New Details Emerge in San Francisco Airliner Crash

July 28, 2013
The two firefighters who were operating the crash truck told investigators when they spotted the teen, who was not covered in foam.

July 28--Two San Francisco firefighters battling flames after the crash of Asiana Airlines Flight 214 spotted a teenage passenger on the ground and pointed her out to a supervisor, who mistakenly concluded she was dead -- setting in motion events that ended with the girl being fatally struck by a fire truck, The Chronicle has learned.

Ye Meng Yuan, a 16-year-old student from China, was sitting in the back of the plane when it slammed into a seawall short of the runway at San Francisco International Airport on July 6, breaking off the tail of the Boeing 777. At some point within the next 50 minutes, she ended up on the ground in front of the plane's left wing.

It still isn't clear how she got there, said Fire Department sources and others involved in the investigation -- though speculation is that someone carried her out the open back of the plane and set her down.

Once there, she was spotted by two firefighters assigned to Station 1, one of three Fire Department stations at the airport, said the sources, speaking on condition they not be identified because they were not authorized to discuss the probe publicly.

Ye was in the fetal position, the two firefighters later told investigators.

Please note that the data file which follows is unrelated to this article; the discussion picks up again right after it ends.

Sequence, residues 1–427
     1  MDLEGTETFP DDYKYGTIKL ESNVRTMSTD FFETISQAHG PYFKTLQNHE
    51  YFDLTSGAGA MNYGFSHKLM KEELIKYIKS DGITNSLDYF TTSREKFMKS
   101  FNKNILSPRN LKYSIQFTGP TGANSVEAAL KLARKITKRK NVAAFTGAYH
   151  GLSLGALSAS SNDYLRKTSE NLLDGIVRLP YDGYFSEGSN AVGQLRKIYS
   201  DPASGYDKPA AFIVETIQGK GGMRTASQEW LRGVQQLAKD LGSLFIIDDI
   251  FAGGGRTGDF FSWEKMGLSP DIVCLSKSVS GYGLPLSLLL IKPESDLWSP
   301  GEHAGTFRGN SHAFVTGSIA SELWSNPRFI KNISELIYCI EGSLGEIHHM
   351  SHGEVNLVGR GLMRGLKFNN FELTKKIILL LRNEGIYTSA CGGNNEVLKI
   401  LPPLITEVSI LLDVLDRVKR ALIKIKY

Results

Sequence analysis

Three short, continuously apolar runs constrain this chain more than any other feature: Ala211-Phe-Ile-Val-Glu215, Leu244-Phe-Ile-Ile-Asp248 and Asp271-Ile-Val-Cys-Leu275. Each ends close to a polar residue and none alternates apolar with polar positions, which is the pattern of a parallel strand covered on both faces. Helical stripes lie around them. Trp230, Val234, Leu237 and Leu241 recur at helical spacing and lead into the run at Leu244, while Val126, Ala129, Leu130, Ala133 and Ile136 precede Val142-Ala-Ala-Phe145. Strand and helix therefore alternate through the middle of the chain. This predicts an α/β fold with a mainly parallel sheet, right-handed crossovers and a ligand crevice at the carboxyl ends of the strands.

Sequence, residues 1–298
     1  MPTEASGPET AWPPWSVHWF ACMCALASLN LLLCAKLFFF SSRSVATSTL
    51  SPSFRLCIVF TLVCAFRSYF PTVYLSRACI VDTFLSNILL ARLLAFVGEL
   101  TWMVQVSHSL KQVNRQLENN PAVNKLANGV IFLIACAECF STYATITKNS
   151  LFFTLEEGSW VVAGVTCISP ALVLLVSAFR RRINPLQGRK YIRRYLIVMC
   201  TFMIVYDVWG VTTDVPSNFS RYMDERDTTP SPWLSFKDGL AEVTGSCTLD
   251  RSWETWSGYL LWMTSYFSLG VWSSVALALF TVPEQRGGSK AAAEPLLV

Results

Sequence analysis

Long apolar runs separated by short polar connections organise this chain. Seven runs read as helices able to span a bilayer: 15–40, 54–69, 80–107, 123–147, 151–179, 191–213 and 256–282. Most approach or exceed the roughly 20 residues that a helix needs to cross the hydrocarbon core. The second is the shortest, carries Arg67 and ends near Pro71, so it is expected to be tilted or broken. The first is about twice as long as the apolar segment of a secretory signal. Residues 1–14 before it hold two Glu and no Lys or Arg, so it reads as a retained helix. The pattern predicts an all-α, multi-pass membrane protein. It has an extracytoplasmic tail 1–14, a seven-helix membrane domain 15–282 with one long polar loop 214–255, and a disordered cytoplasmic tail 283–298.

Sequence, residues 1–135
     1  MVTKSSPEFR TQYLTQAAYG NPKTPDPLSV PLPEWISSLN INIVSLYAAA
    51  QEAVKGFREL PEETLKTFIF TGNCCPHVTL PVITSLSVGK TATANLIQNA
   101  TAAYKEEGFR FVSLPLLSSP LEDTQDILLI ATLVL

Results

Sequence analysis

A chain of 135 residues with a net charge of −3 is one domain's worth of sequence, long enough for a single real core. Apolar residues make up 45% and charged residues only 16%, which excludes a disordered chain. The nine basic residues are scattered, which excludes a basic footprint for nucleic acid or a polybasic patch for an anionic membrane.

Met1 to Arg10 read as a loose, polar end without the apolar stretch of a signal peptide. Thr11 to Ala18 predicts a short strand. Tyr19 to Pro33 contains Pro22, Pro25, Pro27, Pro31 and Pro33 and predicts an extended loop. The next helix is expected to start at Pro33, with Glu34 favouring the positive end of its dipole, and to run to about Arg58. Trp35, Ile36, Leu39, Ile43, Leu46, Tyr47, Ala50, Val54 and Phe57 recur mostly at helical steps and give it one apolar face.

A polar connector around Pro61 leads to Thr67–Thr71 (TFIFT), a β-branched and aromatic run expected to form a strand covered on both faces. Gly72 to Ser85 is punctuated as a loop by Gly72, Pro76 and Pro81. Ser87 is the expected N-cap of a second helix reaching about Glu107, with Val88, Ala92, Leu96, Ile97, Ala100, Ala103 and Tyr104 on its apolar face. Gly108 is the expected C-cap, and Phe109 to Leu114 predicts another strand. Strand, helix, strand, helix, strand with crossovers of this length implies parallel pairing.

Not covered with foam

The two firefighters were operating a fire rig called Rescue 10, one of the 4,500-gallon-capacity vehicles that sprayed fire-retardant foam on the burning plane. The two, Roger Phillips and Jimmy Yee, told investigators that when they spotted her, Ye was wearing her yellow school uniform top and blue jeans and was not covered in foam.

Phillips, the spotter for Rescue 10, got off the fire truck and directed Yee around the girl as the rig was repositioning to a better firefighting position, sources said. Phillips and Yee also alerted supervisors that the girl was there, the sources said.

Lt. Christine Emmons, who is assigned to Station 2 at the airport, looked at the girl and concluded she was dead, the sources said. At least one other firefighter did the same, they said.

Emmons appeared a news conference two days after the crash at which first responders discussed how they had pulled at least four victims from the plane after most passengers had escaped.

She recounted the rescue of a "small person" who was stuck between seats, as well as finding two adults and at least one other person who "was just basically taken out of the plane." It is unclear whether any of those people was Ye.

As conditions got worse, she said, heavy black smoke from the fire began "banking down on us."

'Lucky and blessed'

"I feel very lucky and blessed that we were able to get those people out in that time," she said at the press conference. After she left the plane, she said, she helped take one of the nonambulatory patients to a triage center.

Emmons declined to comment for this story. Efforts to reach Phillips and Yee for comment were unsuccessful.

It is unclear from the sources' account why Emmons and the other firefighter concluded that Ye was dead. Having reached that determination, however, they followed the protocol for handling disaster victims, the sources said.